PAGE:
Droughts seem to happen more often in North Georgia the last few decades.
We're in one of the worst at the moment. The 1980-81 drought that caused Lake Lanier to fall to its previous low record is one within fairly recent memory, but there have been other less serious dry spells, including one later that same decade.
While droughts come and go with time, it seems floods were more frequent in years past. Many remember when the Chattahoochee River seemed to regularly overflow its banks around Helen.
Frequency of floods added momentum to build Buford Dam in the 1950s. Crop land and even whole communities along the Chattahoochee were inundated before the dam was built.
One of the worst occurred in January 1946 when the ground already was saturated, and rivers were high. Five and a half inches of rain fell over four days, not an abnormally large amount, but it didn't take much in the middle of a wet winter. The area had experienced a heavy sleet storm that Christmas, and heavy rains had fallen upstream.
More than 2 inches of rain fell in Hall County on two different days, Jan. 5 and 6, to swell the streams to overflowing in that 1946 flood. The Chattahoochee ran 4 feet higher than any resident at the time could remember. It was the worst flood in the area since 1888.
It washed away numerous bridges, including Brown's Bridge. What was then known as the iron bridge or Shallowford also was swept downstream. Heavy damage was done to Keith's, Davis, Clark's, Browning, Lula and Belton bridges. Eight smaller bridges over Little River and Wahoo and other creeks were destroyed.
In 1940s dollars, the damage amounted to $100,000 just to the bridges. Most rural roads at the time were dirt, and the heavy rains washed them out at numerous points. Mail service took a hit, and buses couldn't be relied on to get children to school. Brookton, Sardis and Oakwood were among schools that had to curtail classes because muddy roads were impassable.
Some homes were swept away along with barns, outhouses, cars, farm equipment, fences, chicken houses and other structures. Chickens, hogs and cattle drowned. Only one person died, an Atlantan who drowned when the waters rushed over the Hightower River bridge in Dawson County.
Even downtown Gainesville was affected with businesses and nearby homes taking in as much as 7 feet of water in their basements. The flood hurt local stores for a time because some people were marooned or otherwise couldn't get into town.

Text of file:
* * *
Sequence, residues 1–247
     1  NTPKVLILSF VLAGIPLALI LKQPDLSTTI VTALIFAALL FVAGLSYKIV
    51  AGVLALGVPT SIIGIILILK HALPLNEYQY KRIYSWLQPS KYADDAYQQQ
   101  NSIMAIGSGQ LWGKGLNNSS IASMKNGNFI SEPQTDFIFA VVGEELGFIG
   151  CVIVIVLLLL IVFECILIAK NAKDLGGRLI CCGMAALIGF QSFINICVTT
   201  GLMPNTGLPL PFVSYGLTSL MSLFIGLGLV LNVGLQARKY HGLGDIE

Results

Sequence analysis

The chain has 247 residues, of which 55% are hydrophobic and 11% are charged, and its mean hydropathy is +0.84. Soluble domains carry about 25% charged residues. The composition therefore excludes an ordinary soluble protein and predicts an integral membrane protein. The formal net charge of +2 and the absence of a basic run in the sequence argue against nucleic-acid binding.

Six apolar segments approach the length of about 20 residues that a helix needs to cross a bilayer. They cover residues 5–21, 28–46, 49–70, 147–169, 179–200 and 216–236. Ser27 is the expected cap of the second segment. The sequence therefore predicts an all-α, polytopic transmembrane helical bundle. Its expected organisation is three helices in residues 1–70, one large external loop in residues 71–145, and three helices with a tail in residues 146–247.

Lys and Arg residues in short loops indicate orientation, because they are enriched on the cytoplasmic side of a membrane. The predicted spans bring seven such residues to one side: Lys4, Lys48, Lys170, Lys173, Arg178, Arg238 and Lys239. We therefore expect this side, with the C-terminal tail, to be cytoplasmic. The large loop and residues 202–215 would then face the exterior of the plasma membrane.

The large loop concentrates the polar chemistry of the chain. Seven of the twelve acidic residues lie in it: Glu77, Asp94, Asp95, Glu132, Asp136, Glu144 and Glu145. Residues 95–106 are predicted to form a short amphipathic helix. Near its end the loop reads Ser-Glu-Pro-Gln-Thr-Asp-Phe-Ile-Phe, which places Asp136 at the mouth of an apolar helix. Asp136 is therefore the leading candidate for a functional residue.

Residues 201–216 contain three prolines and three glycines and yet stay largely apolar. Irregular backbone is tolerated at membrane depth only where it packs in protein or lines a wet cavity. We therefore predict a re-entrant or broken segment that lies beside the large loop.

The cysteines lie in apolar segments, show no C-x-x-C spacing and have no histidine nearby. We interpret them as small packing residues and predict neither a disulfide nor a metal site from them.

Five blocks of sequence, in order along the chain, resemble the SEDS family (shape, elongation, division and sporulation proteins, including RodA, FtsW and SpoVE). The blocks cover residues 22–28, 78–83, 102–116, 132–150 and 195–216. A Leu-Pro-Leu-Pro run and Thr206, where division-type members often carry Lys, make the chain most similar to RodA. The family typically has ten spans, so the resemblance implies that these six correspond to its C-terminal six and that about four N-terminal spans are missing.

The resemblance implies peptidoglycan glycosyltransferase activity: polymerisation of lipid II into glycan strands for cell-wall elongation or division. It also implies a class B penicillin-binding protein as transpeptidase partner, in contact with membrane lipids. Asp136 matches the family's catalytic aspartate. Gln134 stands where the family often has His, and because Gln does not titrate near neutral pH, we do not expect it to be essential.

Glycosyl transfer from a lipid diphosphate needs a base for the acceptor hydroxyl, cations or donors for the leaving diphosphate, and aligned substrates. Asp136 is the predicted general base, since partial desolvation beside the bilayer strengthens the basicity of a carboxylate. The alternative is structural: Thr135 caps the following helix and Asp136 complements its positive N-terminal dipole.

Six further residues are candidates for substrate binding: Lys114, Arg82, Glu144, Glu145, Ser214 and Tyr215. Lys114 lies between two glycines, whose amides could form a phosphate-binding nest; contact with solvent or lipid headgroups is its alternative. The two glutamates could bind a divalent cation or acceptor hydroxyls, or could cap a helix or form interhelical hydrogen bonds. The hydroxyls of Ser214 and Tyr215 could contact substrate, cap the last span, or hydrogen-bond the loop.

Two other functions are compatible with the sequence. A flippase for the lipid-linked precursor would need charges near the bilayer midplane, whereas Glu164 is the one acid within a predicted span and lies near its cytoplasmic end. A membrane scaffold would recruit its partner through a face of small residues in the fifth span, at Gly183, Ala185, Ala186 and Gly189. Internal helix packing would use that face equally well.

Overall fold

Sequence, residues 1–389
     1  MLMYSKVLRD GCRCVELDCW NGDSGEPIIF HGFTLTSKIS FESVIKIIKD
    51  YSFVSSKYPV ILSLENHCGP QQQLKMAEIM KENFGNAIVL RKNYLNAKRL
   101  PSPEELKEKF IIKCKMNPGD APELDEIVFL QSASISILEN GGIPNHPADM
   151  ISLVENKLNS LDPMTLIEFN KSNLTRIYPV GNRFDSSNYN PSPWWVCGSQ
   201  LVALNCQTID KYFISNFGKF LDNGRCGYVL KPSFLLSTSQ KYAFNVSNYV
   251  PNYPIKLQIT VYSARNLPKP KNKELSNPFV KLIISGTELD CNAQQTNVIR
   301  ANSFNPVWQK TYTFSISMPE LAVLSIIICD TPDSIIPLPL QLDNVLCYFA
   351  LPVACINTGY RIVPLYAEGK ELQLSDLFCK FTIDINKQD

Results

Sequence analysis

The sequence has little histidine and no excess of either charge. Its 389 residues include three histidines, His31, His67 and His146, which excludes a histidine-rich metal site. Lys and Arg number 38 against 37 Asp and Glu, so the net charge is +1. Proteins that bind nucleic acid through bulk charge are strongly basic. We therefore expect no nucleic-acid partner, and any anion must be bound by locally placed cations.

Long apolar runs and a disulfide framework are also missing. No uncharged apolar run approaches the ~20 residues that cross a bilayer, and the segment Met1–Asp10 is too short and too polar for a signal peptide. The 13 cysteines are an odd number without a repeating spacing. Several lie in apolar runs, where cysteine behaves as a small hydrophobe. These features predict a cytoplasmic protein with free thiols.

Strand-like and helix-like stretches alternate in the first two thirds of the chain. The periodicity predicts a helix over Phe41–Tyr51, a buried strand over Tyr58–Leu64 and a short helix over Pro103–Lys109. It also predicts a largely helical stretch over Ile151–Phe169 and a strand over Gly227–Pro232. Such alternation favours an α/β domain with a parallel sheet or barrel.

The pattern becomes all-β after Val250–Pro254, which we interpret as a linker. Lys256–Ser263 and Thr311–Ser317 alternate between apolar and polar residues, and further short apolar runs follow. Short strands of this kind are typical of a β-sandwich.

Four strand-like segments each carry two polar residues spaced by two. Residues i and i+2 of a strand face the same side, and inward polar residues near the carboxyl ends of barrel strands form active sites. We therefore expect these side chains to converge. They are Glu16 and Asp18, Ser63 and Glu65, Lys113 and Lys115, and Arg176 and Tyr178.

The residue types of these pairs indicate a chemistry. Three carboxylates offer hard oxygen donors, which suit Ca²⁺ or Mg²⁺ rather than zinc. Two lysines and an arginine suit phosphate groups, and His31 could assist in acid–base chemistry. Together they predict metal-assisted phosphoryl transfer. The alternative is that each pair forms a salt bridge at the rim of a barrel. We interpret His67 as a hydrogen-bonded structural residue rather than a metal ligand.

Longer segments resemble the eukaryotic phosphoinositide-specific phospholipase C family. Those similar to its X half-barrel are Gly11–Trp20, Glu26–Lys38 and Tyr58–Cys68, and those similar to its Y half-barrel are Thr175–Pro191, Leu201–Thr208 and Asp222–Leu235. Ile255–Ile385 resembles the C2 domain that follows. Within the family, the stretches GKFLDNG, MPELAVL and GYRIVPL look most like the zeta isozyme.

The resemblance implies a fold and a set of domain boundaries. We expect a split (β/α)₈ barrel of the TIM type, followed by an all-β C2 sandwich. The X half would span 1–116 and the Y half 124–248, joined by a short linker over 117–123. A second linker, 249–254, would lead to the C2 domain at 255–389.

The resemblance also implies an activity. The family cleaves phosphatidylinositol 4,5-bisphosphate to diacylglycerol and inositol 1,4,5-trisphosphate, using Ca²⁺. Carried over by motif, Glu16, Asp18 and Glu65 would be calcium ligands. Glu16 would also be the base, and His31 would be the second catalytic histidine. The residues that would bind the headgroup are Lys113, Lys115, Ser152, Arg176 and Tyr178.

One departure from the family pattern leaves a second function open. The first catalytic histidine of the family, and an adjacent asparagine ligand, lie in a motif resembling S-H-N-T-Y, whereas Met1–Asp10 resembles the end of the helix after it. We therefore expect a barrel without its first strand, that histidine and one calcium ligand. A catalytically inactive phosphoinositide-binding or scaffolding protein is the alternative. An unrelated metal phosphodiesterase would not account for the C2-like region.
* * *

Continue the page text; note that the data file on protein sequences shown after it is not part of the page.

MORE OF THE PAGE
As the waters rose, people thronged the highways leading to the bridges. The Gainesville News at the time related eyewitness accounts:
"Jim Shoemaker's home, which for many years had been located a few hundred yards down the Chattahoochee River east of the Glenn McConnell home, could be seen slowly turning around in the bend of the river and moving from obstruction to obstruction as the angry waters forced it downstream.
"At the same time half of Brown's Bridge gently parted in the middle, the southern half floating against the bank while the remainder rushed down the stream, heaving and sighing as the muddy waters rose and fell."
The concrete bridge over the Chattahoochee on the Dawsonville Highway outside Gainesville survived, but waters covered it for a time. Residents had never seen water over that bridge, and they feared it, too, would be destroyed. Longstreet Bridge on the Cleveland Highway also made it through the flood.
Thompson Bridge, a wooden covered structure at the time, had burned in a fire just weeks before the flood, so getting into and out of Gainesville in some directions became a challenge.
Before the waters receded, local and state officials already were seeking ways to repair the damage. The state asked the U.S. Army for materials to rebuild Brown's and Thompson bridges, and Bailey bridges eventually replaced them.
Droughts are bad enough, but folks who endured the 1946 flood were wishing for a dry spell just as we today are hoping not for a flood, but at least some heavy rains to help Lake Lanier recover.
Johnny Vardeman is retired editor of The Times. His column appears Sundays and on gainesvilletimes.com. First published Nov. 25, 2007.